"Blessed are they that mourn."

         The second beatitude reads, "Blessed are they that mourn: for they shall be comforted." Once when a sense of sadness knocked loudly at the door, there came also the query, What could Jesus have thought was "blessed" about mourning? The answer quickly unfolded, as answers do when we reason things out with God, for need and supply, spiritually understood, cannot he separated, they are forever the two that are one. It was then seen that the blessed thing about mourning is this, it is itself a dawning conviction of the utter insufficiency of things finite, and this conviction causes one to look higher, to seek satisfaction in the permanent facts of being, thus finding in the infinite ocean of Truth and Love all for which we sought in vain in the material realm. The spiritual facts of being richly supply comfort, peace, permanence, home, and, above all, an all-satisfying companionship with God.

         The promise to those that mourn is that "they shall be comforted." What is the essential comforter in their case? Is it not a consciousness that the all-sufficiency of the infinite overrules the insufficiency of the finite? Then blessed indeed are they who are turning from empty dreams to drink deep of the living waters which ever pour from the omnipresent Comforter. It is needless to add that the temptation to grieve was quickly healed and that a higher sense of joy filled the empty corner of mortal mind. In these moments of sweet communion with God, these quiet times of reasoning together, one receives such tender enlightenment and such helpful, practical instruction that in rapture we exclaim with the apostle Paul, "O the depth of the riches both of thee wisdom and knowledge of God! how unsearchable are his judgments, and his ways past finding out!"

         Divine Mind is perpetually instructing His idea, the child of divinity, but mortals are generally so busy running to and fro in a material sense of life and its activities that they are tempted to neglect the privilege of reasoning with God concerning the duties of each day; hence the occasion for sorrow. In "Science and Health with Key to the Scriptures" our dear Leader has blazed the way to self-knowledge and a demonstrable understanding of divine Love, so vast and absorbing that we understand the import of Jesus' parable of the man who found a treasure hid in a field, and when he had found it, he went and sold all that he had and bought that field. Multitudes are now hearing the clarion call of Truth in Christian Science and responding to it, as it calls humanity out of its sorrow, sin, sickness, and death into "the glorious liberty of the children of God."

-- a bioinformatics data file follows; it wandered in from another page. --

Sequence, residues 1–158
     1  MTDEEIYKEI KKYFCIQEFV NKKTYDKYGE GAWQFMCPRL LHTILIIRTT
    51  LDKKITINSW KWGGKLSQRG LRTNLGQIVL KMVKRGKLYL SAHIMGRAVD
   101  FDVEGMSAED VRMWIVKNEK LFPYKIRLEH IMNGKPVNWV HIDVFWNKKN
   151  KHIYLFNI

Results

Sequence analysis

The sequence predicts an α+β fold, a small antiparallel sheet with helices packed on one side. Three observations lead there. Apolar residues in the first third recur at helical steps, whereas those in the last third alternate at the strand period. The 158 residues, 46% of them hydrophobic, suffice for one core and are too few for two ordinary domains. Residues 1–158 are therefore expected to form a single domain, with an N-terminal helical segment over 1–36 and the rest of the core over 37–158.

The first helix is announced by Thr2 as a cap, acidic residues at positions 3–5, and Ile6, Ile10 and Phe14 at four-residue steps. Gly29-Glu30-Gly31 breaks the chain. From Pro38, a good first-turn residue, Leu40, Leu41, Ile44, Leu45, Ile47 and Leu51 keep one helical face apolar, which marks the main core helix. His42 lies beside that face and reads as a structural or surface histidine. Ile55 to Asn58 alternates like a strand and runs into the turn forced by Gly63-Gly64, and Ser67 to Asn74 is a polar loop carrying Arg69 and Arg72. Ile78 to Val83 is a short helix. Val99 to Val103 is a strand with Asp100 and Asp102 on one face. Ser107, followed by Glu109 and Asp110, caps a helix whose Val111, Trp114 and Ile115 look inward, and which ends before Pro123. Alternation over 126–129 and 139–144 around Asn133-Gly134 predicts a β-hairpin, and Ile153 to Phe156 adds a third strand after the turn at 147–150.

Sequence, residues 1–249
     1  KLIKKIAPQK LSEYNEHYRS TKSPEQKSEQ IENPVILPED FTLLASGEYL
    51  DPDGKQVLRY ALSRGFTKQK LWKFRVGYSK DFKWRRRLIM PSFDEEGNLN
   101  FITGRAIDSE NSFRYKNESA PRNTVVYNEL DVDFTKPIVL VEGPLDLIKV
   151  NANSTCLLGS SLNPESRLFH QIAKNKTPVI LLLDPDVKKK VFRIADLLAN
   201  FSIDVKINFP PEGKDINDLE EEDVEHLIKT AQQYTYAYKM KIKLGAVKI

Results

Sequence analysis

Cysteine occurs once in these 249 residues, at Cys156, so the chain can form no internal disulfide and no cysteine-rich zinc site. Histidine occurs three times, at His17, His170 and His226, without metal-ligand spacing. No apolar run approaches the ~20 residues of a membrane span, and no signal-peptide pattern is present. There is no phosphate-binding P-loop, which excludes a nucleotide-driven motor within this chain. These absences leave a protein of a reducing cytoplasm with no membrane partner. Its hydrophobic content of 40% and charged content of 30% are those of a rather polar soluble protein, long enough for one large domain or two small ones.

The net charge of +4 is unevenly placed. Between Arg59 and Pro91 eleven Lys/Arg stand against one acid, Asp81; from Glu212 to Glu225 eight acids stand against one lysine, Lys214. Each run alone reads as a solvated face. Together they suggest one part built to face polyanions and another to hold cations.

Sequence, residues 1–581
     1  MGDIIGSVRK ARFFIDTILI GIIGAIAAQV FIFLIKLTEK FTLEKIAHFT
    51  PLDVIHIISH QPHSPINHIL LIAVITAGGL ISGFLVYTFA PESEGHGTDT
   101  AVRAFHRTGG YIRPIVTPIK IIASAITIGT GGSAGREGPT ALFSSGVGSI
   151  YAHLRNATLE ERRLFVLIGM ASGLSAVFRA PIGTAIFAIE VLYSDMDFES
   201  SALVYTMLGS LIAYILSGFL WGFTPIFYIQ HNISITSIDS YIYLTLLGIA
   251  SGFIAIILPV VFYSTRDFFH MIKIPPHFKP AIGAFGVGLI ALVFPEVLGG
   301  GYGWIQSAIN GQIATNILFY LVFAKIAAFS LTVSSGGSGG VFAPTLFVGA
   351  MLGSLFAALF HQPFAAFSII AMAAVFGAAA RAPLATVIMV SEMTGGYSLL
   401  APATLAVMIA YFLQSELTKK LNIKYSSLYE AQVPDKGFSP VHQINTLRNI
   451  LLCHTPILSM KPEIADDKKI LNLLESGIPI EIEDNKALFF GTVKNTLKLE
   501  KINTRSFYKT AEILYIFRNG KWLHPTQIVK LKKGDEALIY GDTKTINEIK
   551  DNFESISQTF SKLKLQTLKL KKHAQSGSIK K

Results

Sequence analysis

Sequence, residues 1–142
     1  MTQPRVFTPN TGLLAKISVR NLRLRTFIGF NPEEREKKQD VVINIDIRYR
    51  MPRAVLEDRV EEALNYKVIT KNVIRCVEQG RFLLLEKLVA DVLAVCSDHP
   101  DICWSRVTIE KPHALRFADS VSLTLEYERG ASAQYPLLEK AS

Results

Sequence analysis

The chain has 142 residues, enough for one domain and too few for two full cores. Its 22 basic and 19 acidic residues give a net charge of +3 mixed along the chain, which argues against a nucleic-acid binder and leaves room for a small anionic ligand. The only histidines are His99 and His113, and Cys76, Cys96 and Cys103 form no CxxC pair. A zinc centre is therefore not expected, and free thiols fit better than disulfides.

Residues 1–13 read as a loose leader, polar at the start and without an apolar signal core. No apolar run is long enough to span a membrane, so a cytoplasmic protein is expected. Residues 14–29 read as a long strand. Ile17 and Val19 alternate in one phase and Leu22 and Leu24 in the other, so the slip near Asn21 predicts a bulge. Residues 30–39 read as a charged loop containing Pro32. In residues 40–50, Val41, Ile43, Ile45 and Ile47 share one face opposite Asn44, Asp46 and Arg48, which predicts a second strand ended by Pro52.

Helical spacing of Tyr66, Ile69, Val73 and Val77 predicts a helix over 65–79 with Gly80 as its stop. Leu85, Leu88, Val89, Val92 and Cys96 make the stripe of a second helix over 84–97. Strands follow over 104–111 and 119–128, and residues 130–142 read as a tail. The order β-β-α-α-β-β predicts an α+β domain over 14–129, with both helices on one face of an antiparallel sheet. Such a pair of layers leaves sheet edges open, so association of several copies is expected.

In Science and Health (p. 481) we read, "Man is tributary to God, Spirit, and to nothing else." As the rivers are tributary to the ocean, flowing from near and far to empty all their activities into the great mother of waters, which in turn sends back the waters, purified and rarefied, through the heavens, replenishing and renewing the rivers with showers of abundance and refreshment, so also are we tributary to God, Spirit; not to matter, to self, or to mortal man. Hitherto our time, activities, thoughts, and desires were oftentimes flowing toward things which do not profit, sapping our strength, health, joy, and courage, and cheating our hopes, therefore we mourned; but in Christian Science we are learning where our activities and affections belong, and are allowing all that we are and hope to be to flow naturally toward God . . . thereby daily reaping for ourselves and others rich and abundant harvests of blessings, renewing, rejuvenating, comforting.


"'Blessed are they that mourn.'"
Elizabeth Earl Jones, CSB
Christian Science Sentinel, 1909

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